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Black Fathers Matter | VIDEO

July 8, 2020

July 8, 2020

Black Fathers Matter

One of the favorite ‘songs’ that racists love to ‘sing’ is that “Black people have absentee fathers” as if we don’t know that’s not true or perhaps they don’t think we know our own culture that we live every day to know better. They obviously haven’t gotten the memo!  Yet, they come at us as if they are the experts in our culture. It’s amazing their audacity to tell another person about their ethnic group as if they’ve  studied it and lived it, yet if they did, they would know the myth is not true.

The Center for Disease Control (CDC) did a study and confirmed that this myth was a lie. In fact they learned that Black fathers are the most involved ethnic group of them all, even more than white fathers. Black fathers make time for their children.

I recently received a video from the Black Fathers Matter Project and the spoken word at the end of this video speaks for us all. Please watch the video to the end.

Author

Janice Robinson-celeste

Founder and publisher of Successful Black Parenting magazine and early childhood specialist.


From the Black Fathers Matter Project

The Black Fathers Matter Project was initiated to highlight the Black fathers who are changing the narrative and overcoming the negative stereotypes of “Black fathers aren’t present.” They provide a positive representation on what it looks like to be a Black father.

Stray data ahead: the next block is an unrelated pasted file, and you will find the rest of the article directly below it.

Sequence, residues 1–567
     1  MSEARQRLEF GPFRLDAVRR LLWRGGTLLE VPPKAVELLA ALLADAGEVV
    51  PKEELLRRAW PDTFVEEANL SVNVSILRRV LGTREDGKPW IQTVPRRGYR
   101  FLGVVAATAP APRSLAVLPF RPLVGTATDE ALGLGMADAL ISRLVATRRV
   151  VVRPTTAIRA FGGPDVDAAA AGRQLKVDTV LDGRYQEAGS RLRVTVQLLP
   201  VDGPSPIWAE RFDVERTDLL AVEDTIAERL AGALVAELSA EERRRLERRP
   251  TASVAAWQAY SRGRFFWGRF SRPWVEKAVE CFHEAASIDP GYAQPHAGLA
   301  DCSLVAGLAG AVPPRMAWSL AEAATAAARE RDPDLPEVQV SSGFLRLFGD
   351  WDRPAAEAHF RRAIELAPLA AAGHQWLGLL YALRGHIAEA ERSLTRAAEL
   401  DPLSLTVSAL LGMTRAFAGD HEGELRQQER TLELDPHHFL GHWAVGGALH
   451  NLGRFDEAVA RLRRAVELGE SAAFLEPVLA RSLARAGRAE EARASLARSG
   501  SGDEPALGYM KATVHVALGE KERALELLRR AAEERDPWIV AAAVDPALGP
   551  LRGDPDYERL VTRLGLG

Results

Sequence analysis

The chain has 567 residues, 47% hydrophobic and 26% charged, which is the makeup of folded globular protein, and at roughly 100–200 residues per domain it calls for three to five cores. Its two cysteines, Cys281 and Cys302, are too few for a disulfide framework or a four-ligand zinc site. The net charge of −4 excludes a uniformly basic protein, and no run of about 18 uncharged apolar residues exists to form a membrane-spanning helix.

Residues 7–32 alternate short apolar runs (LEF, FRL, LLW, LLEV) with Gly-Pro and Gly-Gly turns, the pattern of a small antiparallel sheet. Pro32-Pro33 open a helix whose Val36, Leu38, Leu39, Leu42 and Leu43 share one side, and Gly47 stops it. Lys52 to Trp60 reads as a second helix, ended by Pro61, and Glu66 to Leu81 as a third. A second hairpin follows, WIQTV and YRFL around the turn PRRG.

Unfortunately, these negative stereotypes aren’t the only thing that Black fathers are fighting. In 2020, they are fighting to stay alive as police brutality, mass incarceration, systematic oppression, among other things, are taking the lives of many Black dads.

My father was always in my life 24/7 until he passed away from a brain aneurysm when I was just 20-years-old. I’m posting our photo below in honor of Black Fathers Matter. 

Successful Black Parenting’s publisher with her father.

July 2020

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Successful Black Parenting is proud to announce that we are bringing our readers more researched-based content written by the members of the American Psychological Association’s (APA) RESilience Initiative, which provides resources to parents and caregivers for promoting the strength, health, and well-being of children and youth of color. We will also feature their members who have contributed articles to Successful Black Parenting on our BackTalk podcast. Learn more about the RESilience Initiative at www.apa.org/res.

THE AMERICAN PSYCHOLOGICAL ASSOCIATION'S (APA) RESilience Initiative

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